With respect to High Productivity Freight Vehicles (HPFV), the following points are made:

  • Some source quarries access routes and the VicRoads transport infrastructure and network system, are likely to be able to facilitate, or be upgraded, to cope with HPFVs, however;
    • Many source quarries will not, due to:
      • Council (Responsible Authority) controlled access/egress local roads and bridges; and
      • Quarry weighbridge capacity constraints, e.g. 88 tonne GVM, separate axle group weighing capability and length of weighbridge (split weighing);
    • Many Melbourne Supply Area (MSA) concrete batching plant sites, the principal recipient of quarried aggregates (hard rock) sand for the manufacture of pre-mixed concrete do not:
      • Have site areas, or configurations, including that of ground level bulk storage feed bins (excluding those with drive over in-ground bulk storage bins) to receive HPFVs;
      • Council (Responsible Authority) controlled access/egress local roads and bridges, e.g. City of Greater Dandenong, in respect of:
        • Local access/egress street(s) GVM weight and vehicle size/width restrictions applicable to existing Heavy Vehicles, but moreover, future HPFV’s as envisaged, e.g. other local business impacts, street kerb parking, etc.
    • Many civil works sites such as new residential, commercial estates, infrastructure projects, or sports field developments have access limitations, for the delivery of Crushed Rock, Embedment Sand, Turf Sands, etc.
      • Weight (GVM) constraints due to the undeveloped natural surface, or pre-prepared nature of the site, estate, or sports field;
      • Minimal access area for effecting delivery, especially;
      • Restricted turning circle area for maneuverability of large, Heavy Vehicles.

Each of these are practical limitations that currently impact the applicability (use) of existing PBS Vehicles (>68.5 tonne) in favour of smaller (less efficient) vehicle combinations. Consequently, we would expect the same delivery limitations will restrict the use of HPFVs to such Melbourne sites into the future.

The outcomes being sought are:

  • Agreement between industry and all levels of government on the most important transport routes;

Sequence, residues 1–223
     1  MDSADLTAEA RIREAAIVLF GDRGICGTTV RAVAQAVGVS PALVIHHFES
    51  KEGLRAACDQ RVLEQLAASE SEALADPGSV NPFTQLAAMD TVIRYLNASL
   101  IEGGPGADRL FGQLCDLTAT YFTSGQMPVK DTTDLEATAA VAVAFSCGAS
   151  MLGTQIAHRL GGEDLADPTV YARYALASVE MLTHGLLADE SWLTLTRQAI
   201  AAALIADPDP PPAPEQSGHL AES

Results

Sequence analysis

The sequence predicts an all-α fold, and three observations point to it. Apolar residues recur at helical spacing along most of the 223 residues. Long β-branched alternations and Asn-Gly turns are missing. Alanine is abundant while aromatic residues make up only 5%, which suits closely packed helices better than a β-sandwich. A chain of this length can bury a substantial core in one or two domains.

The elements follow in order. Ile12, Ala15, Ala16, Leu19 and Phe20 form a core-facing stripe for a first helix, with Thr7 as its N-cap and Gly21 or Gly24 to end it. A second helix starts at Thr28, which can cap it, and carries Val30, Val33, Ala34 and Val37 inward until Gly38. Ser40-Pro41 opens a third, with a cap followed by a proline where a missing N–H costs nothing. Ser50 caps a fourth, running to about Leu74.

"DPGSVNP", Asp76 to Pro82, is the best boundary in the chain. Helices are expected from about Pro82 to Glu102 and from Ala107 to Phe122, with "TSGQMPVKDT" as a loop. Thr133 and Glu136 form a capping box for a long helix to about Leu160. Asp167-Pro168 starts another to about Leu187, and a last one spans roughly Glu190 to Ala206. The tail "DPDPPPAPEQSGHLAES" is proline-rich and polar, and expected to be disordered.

• Identified future High Productivity Freight Vehicles (HPFV) considered by industry to be best suited to this task;
  • An infrastructure investment plan to facilitate industry moving to HPFV on the agreed routes;
  • Efficient industry operations with respect to the transport network. (minimise transport costs);
  • Increased flexibility in planning to facilitate efficient industry transport operations.

The listed Supply Chain Study investigation dot-points all have relevance and merit. However, the CMPA is especially supportive of:

  • Planning Process (for example 24 hour quarry operations to support 24 hour transport – where appropriate and achievable without significant (demonstrated) adverse impact/risk to nearest sensitive receptors; and
  • Options to improve efficiency of the network (for example, 24 hour operations).

In relation to the Supply Chain Outcomes Sought, we are particularly invested in:

  • Agreement between industry (Extractives Sector) and all levels of government on the most important transport routes;
  • An infrastructure investment plan to facilitate industry moving to HPFV on the agreed routes; and importantly;
  • Increased flexibility in planning to facilitate efficient industry transport operations.

We look forward to the report.

Thank you to Laurie Jeremiah, Senior Transport Planner, Transport for Victoria for leading this important project for the Minister for Roads and Road Safety; and to Garry Cranny (Chairperson CMPA, Dandy Premix) for input.

About Gavin Moreira

Sponsored Ads